The Wandering Wino Blog

Pinot Clone Post

The movie "Sideways" seems to be a beaten dead horse amongst the wine industry, so much so, it could be called the "S-word."  They say perception is reality and many people's knowledge base sometimes falls on a simple  movie. As exasperated as the discussions might be, the impact has been a lasting one. A well known winemaker called it the "Sideways bump." The Santa Barbara region was heavily blessed with a lot of wine travelers seeking the much talked about Pinot Noir with cash in hand.  While Santa Barbara county may produce some of the best Pinot Noir in the country, that I consume by the barrel, there is much more to the area than Pinot Noir. 

Santa Barbara County is a vast expansive region that contains multiple micro-climates allowing for the growth of many great wine varietals. There are several AVA's (American Viticulture Areas) inside of Santa Barbara, including, Sta Rita Hills, Santa Ynez Valley, Happy Canyon, and Santa Maria Valley. Each of these regions has a unique weather and soil types that each produce a host of wines. 


Sanford Vineyard Fog

(Above - Sta Rita Hills mid morning fog)

While Pinot Noir may be best known in Santa Maria and the Sta Rita Hills, I've heard another well known winemaker state that he believes Chardonnay grows even better in Sta Rita Hills than Pinot Noir.  Now that scene must have hit the cutting room floor because there was no mention of Chardonnay in the movie that I recall. Sta Rita Hills with it's unique transverse mountain range (east to west facing range) allows for the cool ocean breezes that are so ideal for burgundian varietals llike Chardonnay and Pinot Noir.


Chard Pour

Santa Ynez Valley and more specifically Ballard Canyon, is more centrally located off HWY 154, gets much warmer, and produces very high quality Syrah. One of the youngest is the Happy Canyon AVA. This is the most eastern portion of Santa Barbara County or north-west of downtown Santa Barbara. Happy Canyon receives some of the hottest temperatures around, producing top notch Bordeaux varitals like Cabernet Sauvignon, Cabernet Franc, Sauvignon Blanc, Petit Verdot, and Merlot.  That's right, Merlot. After the negative consumer shift in Merlot from the movie, most Merlot was torn out of the vineyards or graphed to something else. Funny enough, Merlot prices are amongst the highest in Santa Barbara because there is so little of it available. Merlot has begun its comeback.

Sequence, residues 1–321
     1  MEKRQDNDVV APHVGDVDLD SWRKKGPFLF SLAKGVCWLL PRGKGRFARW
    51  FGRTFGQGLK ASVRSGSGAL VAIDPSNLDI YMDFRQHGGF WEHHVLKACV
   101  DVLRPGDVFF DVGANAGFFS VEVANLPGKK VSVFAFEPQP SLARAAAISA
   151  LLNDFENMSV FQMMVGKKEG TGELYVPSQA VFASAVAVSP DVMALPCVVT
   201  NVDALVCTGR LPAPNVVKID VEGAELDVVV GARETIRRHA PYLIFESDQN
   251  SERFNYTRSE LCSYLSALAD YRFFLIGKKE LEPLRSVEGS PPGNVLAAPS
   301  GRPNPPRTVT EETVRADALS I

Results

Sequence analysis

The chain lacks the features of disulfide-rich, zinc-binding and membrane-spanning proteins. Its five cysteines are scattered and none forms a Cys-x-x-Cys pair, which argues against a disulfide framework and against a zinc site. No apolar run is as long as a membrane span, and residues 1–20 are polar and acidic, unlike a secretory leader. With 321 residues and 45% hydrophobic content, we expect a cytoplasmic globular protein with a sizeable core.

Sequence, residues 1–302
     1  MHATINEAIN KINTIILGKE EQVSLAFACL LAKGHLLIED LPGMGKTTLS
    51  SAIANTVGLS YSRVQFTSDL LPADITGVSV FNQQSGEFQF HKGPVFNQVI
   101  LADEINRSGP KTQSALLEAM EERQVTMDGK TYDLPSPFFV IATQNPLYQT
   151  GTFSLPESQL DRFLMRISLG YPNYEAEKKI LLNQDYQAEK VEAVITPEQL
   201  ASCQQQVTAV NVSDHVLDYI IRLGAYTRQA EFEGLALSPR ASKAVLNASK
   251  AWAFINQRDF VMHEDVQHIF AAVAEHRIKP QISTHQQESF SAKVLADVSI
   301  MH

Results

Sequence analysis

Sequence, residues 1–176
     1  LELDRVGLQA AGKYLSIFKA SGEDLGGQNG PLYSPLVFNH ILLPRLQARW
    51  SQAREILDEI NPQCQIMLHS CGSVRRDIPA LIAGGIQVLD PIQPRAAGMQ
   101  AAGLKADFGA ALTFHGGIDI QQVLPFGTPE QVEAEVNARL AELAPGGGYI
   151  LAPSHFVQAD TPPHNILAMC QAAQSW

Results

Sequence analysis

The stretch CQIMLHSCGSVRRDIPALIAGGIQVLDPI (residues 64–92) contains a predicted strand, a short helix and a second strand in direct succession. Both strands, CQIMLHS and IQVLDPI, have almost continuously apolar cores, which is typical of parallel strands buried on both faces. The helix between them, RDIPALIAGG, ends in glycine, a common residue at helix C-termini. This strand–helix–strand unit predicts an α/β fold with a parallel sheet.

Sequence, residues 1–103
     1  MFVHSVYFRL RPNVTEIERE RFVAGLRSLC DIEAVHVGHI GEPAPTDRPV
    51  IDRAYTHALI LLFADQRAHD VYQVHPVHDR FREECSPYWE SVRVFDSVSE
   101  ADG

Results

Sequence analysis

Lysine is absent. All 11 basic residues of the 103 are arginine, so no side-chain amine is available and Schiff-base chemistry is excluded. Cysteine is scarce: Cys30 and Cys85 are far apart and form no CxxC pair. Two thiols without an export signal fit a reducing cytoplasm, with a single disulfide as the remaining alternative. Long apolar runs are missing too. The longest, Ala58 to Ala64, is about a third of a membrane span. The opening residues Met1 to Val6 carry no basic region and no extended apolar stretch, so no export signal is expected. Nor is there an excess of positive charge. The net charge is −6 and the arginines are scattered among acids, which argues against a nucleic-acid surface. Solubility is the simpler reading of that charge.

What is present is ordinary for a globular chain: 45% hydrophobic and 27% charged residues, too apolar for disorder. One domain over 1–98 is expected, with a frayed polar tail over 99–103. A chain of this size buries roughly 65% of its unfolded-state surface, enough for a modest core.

Three Creek Vineyard Happy Canyon

(Above - Three Creek Vineyards in Happy Canyon) 

 One of the oldest AVA's in the country is Santa Maria Valley. They are home to some of the best vineyards in the country. The famed Bien Nacido vineyards and Solomon Hills grow primarily Pinot Noir and Chardonnay, however, there are traces of some other amazing fruit which does not get the same notoriety. 

Santa Maria Vineyard

(Above - Santa Maria Valley mid day)

Not only is each region differentiate in wine production, the tasting rooms also have a large range of styles. While downtown Santa Barbara wine trail is not an AVA, it is a fun and very different wine experience than the others. The area is affectionately called the "Funk Zone."  It's two blocks from the beach and near State Street where a traveler can get the urban feel of Santa Barbara. 


(Above - Oreana WInery, Below - Carr Winery both located in downtown Santa Barbara)

Carr Bottles

Riverbench Chard

Many shortchange and limit the treasure of Santa Barbara wines by simply only considering Pinot Noir. It would be much like visiting the Louvre museum in Paris. Seeing the Mona Lisa, and then leaving. The magic of the unique regions topography allowing both cool and hot climates that are able to produce a vast array of varietals from regions such as the European regions of the Rhone Valley, Burgundy, and Bordeaux. Next time you have an opportunity, look into the Cimarone Winery Cabernet blends, Vogelzang Sauvignon Blanc, Saarloos and Sons Syrah from Santa Ynez (Ballard Canyon), Chardonnay from Brewer Clifton in the Sta Rita Hills or a Chardonnay from Riverbench inside the Santa Maria Valley. The only way to get the full Santa Barbara is to tour the full Santa Barbara of each AVA and appreciate the uniqueness of each. 


  • Brian Shapiro
    Posted Friday 17 February 2012 17:04
    Great post! I really need to go experience Santa Barbara!
  • Laura Mohseni
    Posted Friday 17 February 2012 17:56
    Very well written! I love exploring the different wines from each region in Santa Barbara.
  • Julie Farrell
    Posted Saturday 18 February 2012 21:32
    Thanks for showcasing the spectacular (and lesser known) regions of our picturesque county. Ballard Canyon and Happy Canyon make for fantastic cycling as well...capped with wine tasting of course!
  • Jason Phelps
    Posted Sunday 19 February 2012 13:20
    I can definitely say that Pinot Noir is not the only story in Santa Barbara. I found Chardonnay from Santa Barabra Winery, a Rose from Oreana, Syrah from Andrew Murray and Grenache/Syrah from LaFond do be even more notable that some of the Pinot. Great tour Shawn! Jason
  • Michelle Bernstein
    Posted Wednesday 22 February 2012 23:52
    Also of note-Curtis off Foxen Canyon Road for delish Rhone varietals, Buttonwood-amazing SB's and Lincourt-rose'ect. We get up there every 8 weeks or so and have been so pleased to watch this area grow such amazing wines in those 6 years of visiting. Great article!
  • Dinelle
    Posted Monday 09 September 2013 19:09
    Great post! Some of the most remarkable Merlot I've ever tasted has come from HCV (Margerum) and SYV. Keep these stories coming!

Comments are closed.